New councilmember disparaged now-colleagues in past tweets

Wednesday, December 5, 2018 - 4:45pm

Councilmember Julie Grand, D-Ward 3

Councilmember Julie Grand, D-Ward 3 Buy this photo
File Photo/Daily

Ann Arbor residents and City Council members are raising concerns over some past tweets from recently elected Councilmember Jeff Hayner, D-Ward 1, including inflammatory comments directed at sitting councilmembers and electoral opponents.

Ann Arbor resident Chris Dzombak created a database with close to 7,000 tweets allegedly written by Hayner. The tweets date back to March 6, 2014. Hayner, defeated independent opponent Ryan Hughes, a Democratic Socialist, with amore than 70 percent of the vote. Hayner ran a campaign focused primarily on environmental issues such as the dioxane plume

Hayner declined to comment on the matter.

“I don’t have a Twitter,” Hayner wrote in an email statement. “You must have received some bad info. Not interested.”

Hayner admitted in interviews with MLive other tweets he’s made in the past were in poor taste. An article from July noted Hayner made his account private, though Hayner’s account has since been deleted.According to a public complaint filed with the Digital Millennium Copyright Act, a complainant with the name Hayner states “This individual has stolen and exposed all of the Tweets in my protected Twitter account." 

In one tweet regarding a past Michigan Daily article about the April 2017 sale of the Library Lot, Hayner called Councilmember Julie Grand, D-Ward 3, a “hive queen” and added the hashtag #RBF, which some Twitter users suspect stands for “resting bitch face.”

“Best coverage of #a2council often found in alt news sources,” the tweet read. “Don't miss this w/accurate quote from condescending Hive Queen Grand #RBF.”

Dzombak said these tweets may negatively impact the dynamics of the council now that Hayner is a member.

“In some of these tweets, he was very critical of councilmembers … I think it’s an uphill battle,” Dzombak said. “It seems like he’s burned a lot of bridges before he even got on council.”

Grand declined to comment on Hayner’s tweets.

Digital Millennium Copyright Act request was filed on Aug. 1 that briefly shut the database down. DMCA requests address the takedown of online material due to copyright infringement. Dzombak does not know if Hayner submitted the request himself.

Dzombak said Hayner accused him of hacking his Twitter account when it was private.

“These were public tweets when I archived them,” Dzombak said. “Claiming that I did any sort of illegal hacking is blatantly false.”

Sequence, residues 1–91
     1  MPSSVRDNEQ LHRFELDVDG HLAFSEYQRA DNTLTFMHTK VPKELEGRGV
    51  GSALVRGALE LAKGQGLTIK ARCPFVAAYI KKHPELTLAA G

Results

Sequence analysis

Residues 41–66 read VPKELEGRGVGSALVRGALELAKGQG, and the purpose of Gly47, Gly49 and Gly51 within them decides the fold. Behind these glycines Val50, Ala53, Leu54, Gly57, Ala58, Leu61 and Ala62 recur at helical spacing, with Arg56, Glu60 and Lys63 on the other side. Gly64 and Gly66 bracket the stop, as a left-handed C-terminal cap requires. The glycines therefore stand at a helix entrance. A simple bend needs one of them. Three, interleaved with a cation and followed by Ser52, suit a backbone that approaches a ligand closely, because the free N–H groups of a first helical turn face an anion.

Dzombak said Hayner made many tweets that did not align with emocratic values.

“In the last four years or so, he’s made a bunch of comments on Twitter on things like SJWs (social justice warriors), snowflakes, Milo Yiannopoulos, that are not consistent with a progressive democratic agenda,” Dzombak said. “It seemed really dishonest that he was running as a Democrat here.”

One of Hayner’s tweets mentioning “snowflakes” detailed colleges handing out pins with gender pronouns on them.

“College hands out ‘pronoun pins’ #Triggered by this, does exclusion help people #coexist? #snowFLAKES,” Hayner tweeted.

A tweet also mention Ryan Hughes, Hayner’s opponent during the 2018 City Council election, regarding Hughes’ yearly income and Hughes’ support for an income tax.

“Ryan Hughes is making $90K/year at U of M, and telling me I need to pay an income tax to support people who need affordable housing,” Hayner allegedly wrote. “Charity starts at home.”

Hughes said affordable housing should not be up to charity.

“I don’t think charity is the issue here,” Hughes said. “I don’t think affordable housing should be a matter of individual choosing whether or not to pay to a charitable foundation.”

Hughes said Hayner may not have intended to offend residents, but his comments still hurt people.

“Impact isn’t the same thing as intent,” Hughes said. “Even if you mean well, you might hurt people.”

Regardless, Hughes is optimistic about Hayner’s future work on City Council.

“I think he’s toned down criticism of these people,” Hughes said. “I’m looking forward to seeing how he’s going to actually be.”

Editor's note: this article has been updated to include records of a digital complaint made by Hayner about the tweets database.